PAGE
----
After many years in the casino business, and having known lots of people in both my personal and professional lives, a handful of solid relationship-building principles have clarified themselves to me. Fortunately, these principles are universal in their application.  They work whether the relationship in question is a personal or professional one, and their usefulness is evident after only a short while. The Golden Rule is golden for a reason; treating others the way you would like to be treated makes perfect sense, even if not everyone follows it.  These simple principles are all tied to the Golden Rule at their core, but it seems that they just don’t come naturally to everyone.  In Casino Player Development, however, the diligent use of these principles may well make the difference between failure and success.

  1. Be truthful.  Always.  Fortunately, this principle doesn’t require you to automatically blab everything you know about anything.  It DOES, however, preclude you from telling an outright lie.  For example, when you have to tell a guest something he or she doesn’t want to hear, find a way to say it that is truthful and polite without over-sharing.  Say something like, “Sally, I am so sorry you weren’t invited to the VIP event we had last weekend.  The qualifications for the invitation were very particular, and I couldn’t get permission to include you.”   The first part is true because nobody wants to have this conversation in the first place, and the second would be true even if you didn’t ask for permission to include her, knowing her play didn’t meet the criteria.  You didn’t have to tell her the criteria, and she understands now (even if she doesn’t like it) that her play is the reason she wasn’t included.   See how that works? Even if you don’t really like Sally, you owe her an honest response. This applies to everyone.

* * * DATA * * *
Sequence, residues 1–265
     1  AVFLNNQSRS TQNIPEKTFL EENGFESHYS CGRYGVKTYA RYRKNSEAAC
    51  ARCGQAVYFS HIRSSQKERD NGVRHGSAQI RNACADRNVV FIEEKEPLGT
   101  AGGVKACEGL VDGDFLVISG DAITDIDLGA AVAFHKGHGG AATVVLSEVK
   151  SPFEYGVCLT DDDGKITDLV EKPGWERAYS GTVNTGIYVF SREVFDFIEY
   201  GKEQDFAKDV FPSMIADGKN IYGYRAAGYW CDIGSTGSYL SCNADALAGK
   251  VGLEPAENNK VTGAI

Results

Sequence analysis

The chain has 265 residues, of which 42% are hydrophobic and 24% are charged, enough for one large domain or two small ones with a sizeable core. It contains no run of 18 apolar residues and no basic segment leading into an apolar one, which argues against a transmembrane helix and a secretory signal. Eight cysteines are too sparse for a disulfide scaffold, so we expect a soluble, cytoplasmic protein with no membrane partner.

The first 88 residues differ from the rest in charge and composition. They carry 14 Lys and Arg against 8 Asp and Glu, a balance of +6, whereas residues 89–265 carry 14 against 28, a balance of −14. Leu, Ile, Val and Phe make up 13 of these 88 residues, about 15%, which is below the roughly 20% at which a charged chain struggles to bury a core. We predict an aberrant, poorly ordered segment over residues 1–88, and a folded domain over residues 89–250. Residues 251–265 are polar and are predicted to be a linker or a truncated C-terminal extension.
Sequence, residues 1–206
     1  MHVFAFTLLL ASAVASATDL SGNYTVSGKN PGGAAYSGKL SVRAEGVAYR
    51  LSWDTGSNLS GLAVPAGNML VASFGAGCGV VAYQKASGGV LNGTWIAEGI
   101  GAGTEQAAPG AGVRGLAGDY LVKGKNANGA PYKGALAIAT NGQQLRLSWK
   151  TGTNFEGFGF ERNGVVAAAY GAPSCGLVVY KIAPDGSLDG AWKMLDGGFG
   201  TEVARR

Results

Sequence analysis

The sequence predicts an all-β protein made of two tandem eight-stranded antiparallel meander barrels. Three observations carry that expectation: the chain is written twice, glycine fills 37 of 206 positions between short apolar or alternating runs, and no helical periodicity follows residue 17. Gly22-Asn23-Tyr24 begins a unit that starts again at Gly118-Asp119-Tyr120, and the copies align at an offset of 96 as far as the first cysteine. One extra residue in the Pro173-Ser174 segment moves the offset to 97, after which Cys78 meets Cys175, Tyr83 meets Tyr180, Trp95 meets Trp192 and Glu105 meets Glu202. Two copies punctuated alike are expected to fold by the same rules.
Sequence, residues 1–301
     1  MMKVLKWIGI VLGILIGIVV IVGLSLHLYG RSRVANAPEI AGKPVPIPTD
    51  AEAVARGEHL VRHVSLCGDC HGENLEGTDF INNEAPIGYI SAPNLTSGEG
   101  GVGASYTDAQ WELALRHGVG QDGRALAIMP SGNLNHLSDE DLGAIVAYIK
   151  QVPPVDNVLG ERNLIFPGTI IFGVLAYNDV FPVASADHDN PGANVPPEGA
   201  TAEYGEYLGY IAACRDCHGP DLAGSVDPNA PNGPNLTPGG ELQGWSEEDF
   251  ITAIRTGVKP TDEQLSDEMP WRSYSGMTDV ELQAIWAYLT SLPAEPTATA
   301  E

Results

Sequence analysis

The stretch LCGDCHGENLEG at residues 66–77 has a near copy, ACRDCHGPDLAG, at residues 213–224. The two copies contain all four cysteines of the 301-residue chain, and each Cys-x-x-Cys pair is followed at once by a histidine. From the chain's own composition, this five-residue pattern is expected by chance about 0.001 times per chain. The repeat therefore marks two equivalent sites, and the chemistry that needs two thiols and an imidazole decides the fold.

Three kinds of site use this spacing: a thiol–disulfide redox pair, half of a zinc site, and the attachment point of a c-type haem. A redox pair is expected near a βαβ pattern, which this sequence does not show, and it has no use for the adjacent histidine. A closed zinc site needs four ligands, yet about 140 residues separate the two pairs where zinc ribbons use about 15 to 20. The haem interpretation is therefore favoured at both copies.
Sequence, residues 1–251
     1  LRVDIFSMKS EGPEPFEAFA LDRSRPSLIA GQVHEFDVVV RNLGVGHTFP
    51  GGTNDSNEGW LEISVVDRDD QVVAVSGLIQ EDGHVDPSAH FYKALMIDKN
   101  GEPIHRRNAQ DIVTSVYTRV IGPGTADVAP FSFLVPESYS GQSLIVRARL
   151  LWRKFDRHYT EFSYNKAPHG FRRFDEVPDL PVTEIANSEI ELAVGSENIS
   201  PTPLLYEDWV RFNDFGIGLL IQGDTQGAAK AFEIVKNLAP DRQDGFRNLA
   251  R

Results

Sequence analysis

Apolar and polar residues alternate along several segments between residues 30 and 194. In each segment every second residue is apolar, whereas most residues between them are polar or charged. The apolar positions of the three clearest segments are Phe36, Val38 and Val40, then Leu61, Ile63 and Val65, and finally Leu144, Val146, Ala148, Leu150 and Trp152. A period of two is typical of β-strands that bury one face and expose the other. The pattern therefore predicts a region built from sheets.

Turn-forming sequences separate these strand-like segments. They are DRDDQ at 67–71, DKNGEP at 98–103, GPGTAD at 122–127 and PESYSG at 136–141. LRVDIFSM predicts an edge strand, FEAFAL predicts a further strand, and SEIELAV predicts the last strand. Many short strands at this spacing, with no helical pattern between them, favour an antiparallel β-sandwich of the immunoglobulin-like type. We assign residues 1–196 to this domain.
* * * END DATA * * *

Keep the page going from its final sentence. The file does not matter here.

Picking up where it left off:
2. Accept people as they are.  Don’t try to change people.  They are who they are, each and every one of them, and it’s not up to you to decide whether that’s okay or not.  Even the most difficult people are that way for a reason, and to build an effective relationship with someone, you have to know and accept who he is.  You don’t have to understand why, but you DO have to accept it.  I learned this lesson as a step-parent, and it’s one I have to remind myself to do daily.  Sure, it’s my responsibility to help raise these children, but that doesn’t give me the right to ask them to be someone other than who they are.  I can guide them to what I believe to be a better path and set them upon it, but ultimately it’s up to them to choose which one they’ll take.  It’s the same with guests or co-workers, friends, significant others, and every other person with whom you interact in the world.  As Popeye told us, “I am what I am.”
  3. Don’t take everything personally.  Sure, sometimes that nasty comment was meant personally, but not every upsetting thing you hear was intended to hurt you.   Think about how upset your guests sometimes get over the perceived value of their offers, and you can see how people can get all worked up over something that was never meant as a statement of their personal value.  Don’t let that happen to you.  People who are angry often lash out in unnecessarily hurtful ways, and you will almost certainly get caught in the crossfire at least once in your life.  Keep your wits about you, take a deep breath and respond to the issue instead of the barb.